Lillian, I have been reading up on the subject, now that I have jumped into it with both feet and no life preserver, and I am learning so much more about how to do this work… lol, instructions make it just too easy! 😉 There are a lot of new tools to aid you in this craft as well. One of the simple things I learned about was milliner’s needles (very fine!) applique pins with ball heads to make them easier to get hold of, and basting your parts in place. Whether you decide on back basting or top basting it is much easier when your parts don’t shift. YouTube can teach you to do any new thing your heart desires to create!
      Thank you for cheering me on, it encourages me to keep going.

    • Lynda says:

      Lori, I have tried several methods from instructions so rigid they make you squeak to absolutely bohemian. I have collected the best from all and think I have landed on a method that works best for me. It’s not as hard as it looks. Now that I am (mostly) caught up I will be doing a bit every day and can finally move on to other things like spring cleaning the house and making more for my Etsy shop. The cupboard is bare over there.

  2. shoreacres says:

    I see that you have been able to make your images “click to enlarge” again. How do you do that? It’s not a problem for me, but suddenly I’ve seen several people who are complaining about not being able to. It seems you have the secret!

    I just spent some time trying to sort it out by using the WP media library, and I ened up ready to beat my head against the wall. There’s clearly a trick I’m not seeing. Help!

    • Lynda says:

      Linda, I never realized there was a problem until you mentioned it. I checked the new post format and found that there really isn’t a way to make them clickable! You can still get around it by going to WordPress Admin in the menu under My Sites then choose posts NEW. This takes you to the original editor format where you can upload the photo and choose to make it clickable before you add it. MAKE SURE your new post IS EXACTLY THE WAY YOU LIKE IT BEFORE YOU POST it to your blog. Otherwise the new format kicks in and you won’t be able to get back the old editor.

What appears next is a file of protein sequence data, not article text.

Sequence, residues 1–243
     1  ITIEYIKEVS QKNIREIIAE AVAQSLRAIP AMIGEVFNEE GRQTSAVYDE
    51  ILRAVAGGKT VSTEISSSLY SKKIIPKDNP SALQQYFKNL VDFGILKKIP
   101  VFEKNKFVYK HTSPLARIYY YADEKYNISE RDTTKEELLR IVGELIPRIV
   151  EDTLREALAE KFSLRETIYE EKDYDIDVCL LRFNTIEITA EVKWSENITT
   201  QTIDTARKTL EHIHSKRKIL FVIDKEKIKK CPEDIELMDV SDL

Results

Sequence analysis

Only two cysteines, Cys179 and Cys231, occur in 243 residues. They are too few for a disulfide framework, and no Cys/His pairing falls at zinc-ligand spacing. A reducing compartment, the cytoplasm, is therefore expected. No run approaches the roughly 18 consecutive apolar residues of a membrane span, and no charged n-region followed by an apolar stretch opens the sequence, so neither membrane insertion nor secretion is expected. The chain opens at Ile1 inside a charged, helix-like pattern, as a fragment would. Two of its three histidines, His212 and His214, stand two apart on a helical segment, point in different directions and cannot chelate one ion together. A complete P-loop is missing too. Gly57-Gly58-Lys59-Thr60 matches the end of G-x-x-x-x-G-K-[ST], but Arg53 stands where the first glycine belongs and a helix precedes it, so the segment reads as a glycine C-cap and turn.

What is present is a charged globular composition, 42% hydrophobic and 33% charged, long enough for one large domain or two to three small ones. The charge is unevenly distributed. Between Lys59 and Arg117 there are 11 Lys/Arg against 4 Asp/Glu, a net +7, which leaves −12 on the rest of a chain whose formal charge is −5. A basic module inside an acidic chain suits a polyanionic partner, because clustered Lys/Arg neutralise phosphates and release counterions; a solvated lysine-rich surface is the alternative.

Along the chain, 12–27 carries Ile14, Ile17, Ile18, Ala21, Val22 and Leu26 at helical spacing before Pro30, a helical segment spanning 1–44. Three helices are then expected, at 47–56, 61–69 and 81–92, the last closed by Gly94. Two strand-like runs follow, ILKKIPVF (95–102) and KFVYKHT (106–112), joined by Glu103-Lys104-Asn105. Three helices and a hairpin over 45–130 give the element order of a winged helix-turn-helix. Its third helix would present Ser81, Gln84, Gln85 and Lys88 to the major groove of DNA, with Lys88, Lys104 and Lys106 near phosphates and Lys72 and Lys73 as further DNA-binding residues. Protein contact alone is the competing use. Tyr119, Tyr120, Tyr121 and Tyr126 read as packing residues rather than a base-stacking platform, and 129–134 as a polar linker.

Oh, and the trick is on us. WordPress is becoming less and less robust, and the user who doesn’t upgrade can go to he.. because they don’t care anymore.

    • Lynda says:

      Linda, I take that back, you can get to the old editor to fix your post! Follow the directions above with this path change:

      get around it by going to WordPress Admin in the menu under My Sites then choose posts and click ALL. Your latest post will be at the top of the list and you when you mouse over it you will have a list of choices pop up; choose edit and voila! You will be magically transported to the old editor. 😀

      • shoreacres says:

        I’m using the old editor on a regular basis. But what I don’t understand at all is how to make the image clickable. You say I can upload the photo (got that!) and then “choose to make it clickable before I add it.” But how do I do that?

        I’ve just spent a half hour trying to figure it out, and I can’t. Say I upload a 1200 x 700 photo, and want it to be 400 x whatever on the blog, clickable to the original 1200 x 700 size. That’s what I’m trying to do.

        I’m going to go have another cuppa and make another run at it.